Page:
Many IT and business leaders are not planning to invest in the big data technology and even those that have been early adopters, are not calling for further adoption over the next two years.
The Hadoop framework which allows for the distributed processing of large data sets across clusters of computers is seen by many as overkill for the problems that the business faced, implying that the costs of implementing the technology were too high relative to the expected benefit.
Gartner found that only 26% of respondents were either deploying, piloting or experimenting with the technology and just 11% planned to invest within the next year.
Nick Heudecker, research director at Gartner, said: "Despite considerable hype and reported successes for early adopters, 54 percent of survey respondents report no plans to invest at this time, while only 18 percent have plans to invest in Hadoop over the next two years."
"Furthermore, the early adopters don’t appear to be championing for substantial Hadoop adoption over the next 24 months; in fact, there are fewer who plan to begin in the next two years than already have."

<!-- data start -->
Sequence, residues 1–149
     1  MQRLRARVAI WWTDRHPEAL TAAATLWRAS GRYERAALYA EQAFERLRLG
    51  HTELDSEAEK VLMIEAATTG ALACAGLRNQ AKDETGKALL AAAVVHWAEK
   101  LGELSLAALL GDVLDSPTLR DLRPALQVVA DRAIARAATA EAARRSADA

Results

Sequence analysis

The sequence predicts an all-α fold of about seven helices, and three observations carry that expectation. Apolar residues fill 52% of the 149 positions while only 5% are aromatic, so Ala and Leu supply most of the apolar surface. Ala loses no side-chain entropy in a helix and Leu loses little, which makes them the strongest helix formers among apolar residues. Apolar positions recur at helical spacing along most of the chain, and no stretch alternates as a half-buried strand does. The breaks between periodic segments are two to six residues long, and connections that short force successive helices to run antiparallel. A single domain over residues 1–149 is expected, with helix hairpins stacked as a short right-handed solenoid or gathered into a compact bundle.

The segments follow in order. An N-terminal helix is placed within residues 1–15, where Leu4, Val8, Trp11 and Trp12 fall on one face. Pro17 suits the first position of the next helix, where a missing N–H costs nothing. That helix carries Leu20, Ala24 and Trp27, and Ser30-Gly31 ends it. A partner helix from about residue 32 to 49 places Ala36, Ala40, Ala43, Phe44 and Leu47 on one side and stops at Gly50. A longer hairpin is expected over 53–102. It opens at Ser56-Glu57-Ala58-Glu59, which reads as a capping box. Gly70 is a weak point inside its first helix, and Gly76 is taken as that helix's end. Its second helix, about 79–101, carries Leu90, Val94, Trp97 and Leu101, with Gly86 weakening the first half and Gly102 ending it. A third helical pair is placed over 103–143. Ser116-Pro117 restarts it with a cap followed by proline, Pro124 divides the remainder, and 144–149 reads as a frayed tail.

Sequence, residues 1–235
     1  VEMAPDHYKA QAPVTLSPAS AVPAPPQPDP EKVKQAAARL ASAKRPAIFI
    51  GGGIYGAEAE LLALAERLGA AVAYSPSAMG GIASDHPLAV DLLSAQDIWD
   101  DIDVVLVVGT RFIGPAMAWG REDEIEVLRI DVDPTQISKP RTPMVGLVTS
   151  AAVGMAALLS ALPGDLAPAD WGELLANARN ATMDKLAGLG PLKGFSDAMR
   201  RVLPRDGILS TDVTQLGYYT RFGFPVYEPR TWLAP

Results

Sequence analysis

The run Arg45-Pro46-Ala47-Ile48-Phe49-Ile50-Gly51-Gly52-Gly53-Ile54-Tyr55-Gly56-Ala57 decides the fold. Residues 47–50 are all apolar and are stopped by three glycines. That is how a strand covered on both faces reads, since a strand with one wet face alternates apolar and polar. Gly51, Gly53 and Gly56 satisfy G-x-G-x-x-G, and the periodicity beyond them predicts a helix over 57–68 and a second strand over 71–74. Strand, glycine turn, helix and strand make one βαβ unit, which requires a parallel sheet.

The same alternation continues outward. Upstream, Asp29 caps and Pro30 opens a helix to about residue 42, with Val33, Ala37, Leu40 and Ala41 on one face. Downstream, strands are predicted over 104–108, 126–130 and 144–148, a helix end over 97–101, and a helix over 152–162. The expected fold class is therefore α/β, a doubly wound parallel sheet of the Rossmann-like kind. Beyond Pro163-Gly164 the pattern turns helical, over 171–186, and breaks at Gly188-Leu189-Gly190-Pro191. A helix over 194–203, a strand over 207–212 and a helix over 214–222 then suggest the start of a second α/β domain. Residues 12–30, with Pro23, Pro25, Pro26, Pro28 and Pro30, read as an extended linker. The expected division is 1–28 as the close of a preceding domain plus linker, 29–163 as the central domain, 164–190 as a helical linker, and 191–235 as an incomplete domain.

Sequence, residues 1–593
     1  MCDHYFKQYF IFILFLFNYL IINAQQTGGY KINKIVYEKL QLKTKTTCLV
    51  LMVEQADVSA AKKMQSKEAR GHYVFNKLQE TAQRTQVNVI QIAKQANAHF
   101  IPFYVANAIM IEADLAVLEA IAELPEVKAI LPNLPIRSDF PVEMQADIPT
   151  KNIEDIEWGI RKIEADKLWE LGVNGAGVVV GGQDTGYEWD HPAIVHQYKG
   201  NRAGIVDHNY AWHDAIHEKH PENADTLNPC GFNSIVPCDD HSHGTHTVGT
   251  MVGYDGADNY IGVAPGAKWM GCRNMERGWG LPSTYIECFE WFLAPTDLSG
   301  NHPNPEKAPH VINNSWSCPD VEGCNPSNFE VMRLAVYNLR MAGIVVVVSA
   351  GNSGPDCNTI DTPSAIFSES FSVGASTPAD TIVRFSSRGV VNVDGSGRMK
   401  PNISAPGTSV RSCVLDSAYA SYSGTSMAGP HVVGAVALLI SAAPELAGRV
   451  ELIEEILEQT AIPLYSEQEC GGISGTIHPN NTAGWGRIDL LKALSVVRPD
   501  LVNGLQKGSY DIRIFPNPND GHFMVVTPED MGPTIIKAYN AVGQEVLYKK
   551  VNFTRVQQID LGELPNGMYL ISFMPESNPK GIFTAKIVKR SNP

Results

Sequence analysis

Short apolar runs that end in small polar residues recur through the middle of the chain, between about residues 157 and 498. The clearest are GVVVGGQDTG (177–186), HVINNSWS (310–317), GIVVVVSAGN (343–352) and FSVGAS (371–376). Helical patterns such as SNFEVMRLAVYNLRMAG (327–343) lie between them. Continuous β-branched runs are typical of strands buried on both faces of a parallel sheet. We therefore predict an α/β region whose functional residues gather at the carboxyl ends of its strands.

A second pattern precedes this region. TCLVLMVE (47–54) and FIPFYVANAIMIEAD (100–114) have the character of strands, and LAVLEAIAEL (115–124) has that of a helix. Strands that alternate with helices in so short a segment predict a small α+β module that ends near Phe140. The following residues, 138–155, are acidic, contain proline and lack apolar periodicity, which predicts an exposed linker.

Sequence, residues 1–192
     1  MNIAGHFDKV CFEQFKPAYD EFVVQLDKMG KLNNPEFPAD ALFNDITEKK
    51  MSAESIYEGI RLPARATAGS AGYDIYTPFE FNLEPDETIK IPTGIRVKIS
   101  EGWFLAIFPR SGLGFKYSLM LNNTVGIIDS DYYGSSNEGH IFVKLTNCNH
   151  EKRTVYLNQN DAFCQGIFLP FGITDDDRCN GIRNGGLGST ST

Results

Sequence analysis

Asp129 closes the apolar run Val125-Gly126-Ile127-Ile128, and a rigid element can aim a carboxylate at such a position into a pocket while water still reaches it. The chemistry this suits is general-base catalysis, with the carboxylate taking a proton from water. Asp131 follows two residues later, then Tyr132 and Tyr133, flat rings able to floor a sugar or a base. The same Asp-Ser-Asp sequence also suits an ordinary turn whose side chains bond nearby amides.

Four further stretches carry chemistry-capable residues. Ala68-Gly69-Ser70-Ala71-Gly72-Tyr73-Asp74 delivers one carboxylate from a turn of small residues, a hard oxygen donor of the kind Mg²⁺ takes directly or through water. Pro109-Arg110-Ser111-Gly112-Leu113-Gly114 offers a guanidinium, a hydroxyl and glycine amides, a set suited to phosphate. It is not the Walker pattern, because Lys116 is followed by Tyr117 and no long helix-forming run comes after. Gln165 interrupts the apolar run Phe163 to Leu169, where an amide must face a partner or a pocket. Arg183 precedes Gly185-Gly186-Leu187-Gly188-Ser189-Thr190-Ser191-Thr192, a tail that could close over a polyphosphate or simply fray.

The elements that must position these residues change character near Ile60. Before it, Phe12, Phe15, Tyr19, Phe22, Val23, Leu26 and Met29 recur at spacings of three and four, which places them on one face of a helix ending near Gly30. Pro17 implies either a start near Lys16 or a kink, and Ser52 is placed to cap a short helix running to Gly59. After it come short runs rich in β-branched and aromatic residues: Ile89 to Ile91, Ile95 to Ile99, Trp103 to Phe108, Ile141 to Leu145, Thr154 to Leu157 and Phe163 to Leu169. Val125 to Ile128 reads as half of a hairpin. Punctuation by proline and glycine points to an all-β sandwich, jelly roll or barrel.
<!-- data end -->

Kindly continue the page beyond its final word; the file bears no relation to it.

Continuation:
Adoption is being significantly hurt by the skills gap which 57% highlighted as a major inhibitor and while tooling vendors have claimed that their products address the skills gap, this is clearly not being felt in the market.
It is predicted that it will take two to three years to address the skills gap and for the Hadoop vendors training programs to make an impact.
Merv Adrian, research VP, Gartner, said: "With such large incidence of organizations with no plans or already on their Hadoop journey, future demand for Hadoop looks fairly anemic over at least the next 24 months."
"Moreover, the lack of near-term plans for Hadoop adoption suggest that, despite continuing enthusiasm for the big data phenomenon, demand for Hadoop specifically is not accelerating."
"The best hope for revenue growth for providers would appear to be in moving to larger deployments within their existing customer base."
Gartner questioned 284 research circle members between February and March this year.